By Quinn Dawson
Apple grossed over $28 billion in quarterly profits for 2011. There are 424 billionaires in the United States, and in 2012 Americans spent a record 170 million on Halloween. So if a red fruit is your logo, you have a silver spoon or you are a distributor of Halloween costumes, you are most likely doing extremely well. But for the majority of us, our industries have had to overcome some financial setbacks in recent years. Many of our companies have been painfully stretched at best, and broken at worst.
The commercial construction industry and general contractors felt much of the brunt of the recession, many struggling to survive. Right after the housing market and the car industry sunk, there was the construction industry treading water right beside them; all of us in this industry were wondering when the tide would turn. The night is always the darkest before the dawn and 2007-2011 was pitch black, but relief and light did indeed break over the horizon in 2012.
When asked about the newest trends in the commercial construction industry in 2012, using the knowledge available to us as general contractors in Arizona and our experience with commercial construction in the greater Phoenix area, our answer is a little unorthodox but true.
It isn’t solar or green material. Construction hasn’t really changed all that much. The newest and most powerful trend, we are happy to say, is that there are more construction projects in the market place. Not only in Arizona but nationwide; especially when compared to the last 5 years.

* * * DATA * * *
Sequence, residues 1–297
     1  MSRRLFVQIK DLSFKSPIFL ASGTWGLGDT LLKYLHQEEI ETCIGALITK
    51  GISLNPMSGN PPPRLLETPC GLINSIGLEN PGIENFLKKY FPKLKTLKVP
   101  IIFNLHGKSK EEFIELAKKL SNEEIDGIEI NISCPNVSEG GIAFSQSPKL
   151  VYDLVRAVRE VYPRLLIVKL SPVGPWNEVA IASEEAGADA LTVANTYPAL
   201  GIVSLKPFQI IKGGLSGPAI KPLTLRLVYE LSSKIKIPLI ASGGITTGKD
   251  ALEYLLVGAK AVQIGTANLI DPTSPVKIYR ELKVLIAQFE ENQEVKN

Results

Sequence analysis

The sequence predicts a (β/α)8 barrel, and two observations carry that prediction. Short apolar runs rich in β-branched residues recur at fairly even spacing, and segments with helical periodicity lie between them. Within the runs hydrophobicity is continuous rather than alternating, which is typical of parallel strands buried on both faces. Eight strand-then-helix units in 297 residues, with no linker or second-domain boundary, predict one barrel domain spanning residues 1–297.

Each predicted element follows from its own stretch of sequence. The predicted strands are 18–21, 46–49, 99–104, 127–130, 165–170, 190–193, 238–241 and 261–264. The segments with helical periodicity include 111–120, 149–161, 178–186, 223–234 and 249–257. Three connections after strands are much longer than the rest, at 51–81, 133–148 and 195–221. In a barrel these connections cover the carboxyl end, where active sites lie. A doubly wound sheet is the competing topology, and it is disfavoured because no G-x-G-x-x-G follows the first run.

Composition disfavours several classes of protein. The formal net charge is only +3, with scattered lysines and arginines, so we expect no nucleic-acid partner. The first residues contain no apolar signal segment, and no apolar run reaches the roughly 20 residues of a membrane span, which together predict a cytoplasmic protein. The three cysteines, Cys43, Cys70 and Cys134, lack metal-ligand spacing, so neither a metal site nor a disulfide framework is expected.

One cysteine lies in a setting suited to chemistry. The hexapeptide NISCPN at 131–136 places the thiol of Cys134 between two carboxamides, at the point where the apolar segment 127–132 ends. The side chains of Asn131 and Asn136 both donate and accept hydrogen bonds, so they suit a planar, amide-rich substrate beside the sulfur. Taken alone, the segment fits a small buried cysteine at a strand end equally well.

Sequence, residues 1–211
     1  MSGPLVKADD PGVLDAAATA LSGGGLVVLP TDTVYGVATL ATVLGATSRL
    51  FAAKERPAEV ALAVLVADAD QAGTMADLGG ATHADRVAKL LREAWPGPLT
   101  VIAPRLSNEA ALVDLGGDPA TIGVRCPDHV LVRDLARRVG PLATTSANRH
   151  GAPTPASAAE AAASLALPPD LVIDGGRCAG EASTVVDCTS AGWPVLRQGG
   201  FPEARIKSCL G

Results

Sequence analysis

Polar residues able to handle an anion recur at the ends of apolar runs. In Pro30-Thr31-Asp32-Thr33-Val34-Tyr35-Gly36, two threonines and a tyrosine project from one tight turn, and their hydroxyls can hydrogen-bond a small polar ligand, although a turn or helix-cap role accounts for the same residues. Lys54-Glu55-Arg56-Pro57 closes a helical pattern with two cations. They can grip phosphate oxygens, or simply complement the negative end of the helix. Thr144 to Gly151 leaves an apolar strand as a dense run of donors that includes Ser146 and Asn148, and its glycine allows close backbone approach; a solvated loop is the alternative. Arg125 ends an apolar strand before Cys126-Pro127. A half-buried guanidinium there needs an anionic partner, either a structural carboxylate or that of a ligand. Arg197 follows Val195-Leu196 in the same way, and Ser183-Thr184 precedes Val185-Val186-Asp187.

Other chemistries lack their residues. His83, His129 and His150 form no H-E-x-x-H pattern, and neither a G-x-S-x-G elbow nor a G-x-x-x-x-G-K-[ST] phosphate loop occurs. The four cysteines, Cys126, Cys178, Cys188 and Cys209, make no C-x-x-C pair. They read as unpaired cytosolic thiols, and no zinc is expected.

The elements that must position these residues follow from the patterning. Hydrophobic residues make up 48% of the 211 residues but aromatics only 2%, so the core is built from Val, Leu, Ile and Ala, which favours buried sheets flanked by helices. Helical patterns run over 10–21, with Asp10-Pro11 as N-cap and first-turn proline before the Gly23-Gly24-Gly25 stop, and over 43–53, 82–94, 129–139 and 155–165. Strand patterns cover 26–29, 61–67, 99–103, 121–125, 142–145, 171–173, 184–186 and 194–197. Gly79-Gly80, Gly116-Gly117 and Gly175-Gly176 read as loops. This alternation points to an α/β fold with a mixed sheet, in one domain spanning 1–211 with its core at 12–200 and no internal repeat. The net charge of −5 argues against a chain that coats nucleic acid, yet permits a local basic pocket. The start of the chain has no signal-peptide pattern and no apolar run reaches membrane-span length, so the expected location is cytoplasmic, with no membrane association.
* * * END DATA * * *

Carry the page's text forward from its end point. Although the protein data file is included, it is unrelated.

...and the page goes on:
Of all the “problems” to have, we will take this one. But it has brought its own array of challenges to overcome. This 0 to 60 acceleration has put the most stress on the subcontractor segment of the industry. In the past, in order to have capital to pay their workers and finish the jobs, subcontractors could take out a loan, or a home equity line of credit. Both of these types of loans, because of the economy, are either unavailable or tough to get.
The commercial construction companies that are the most proficient at managing their working capital are the companies that are going to be the most successful in today’s construction climate. Often, general contractors must function as a bank and float their subcontractors in order to finish the jobs on time.
Construction companies would love to have the chance to watch the sun rise over our industry again, but honestly we haven’t the time. As the work increases, so do the stress levels and the needed hours. Steve Jobs said, “Sometimes life hits you in the head with a brick. Don’t lose faith.” The construction industry definitely got hit hard in the past half decade. But we didn’t lose faith; this new challenge of too much work will be met and overcome just as we overcame the lack of work. Smart construction companies will simply do what we have always done – react, adapt and position ourselves to jump on the rising curve as our industry recovers and gets back on top.
Quinn Dawson is a professional blogger for C3 Construction, a leading general contractor company based in Arizona that claims to deliver valuable services with uncompromising leadership and character.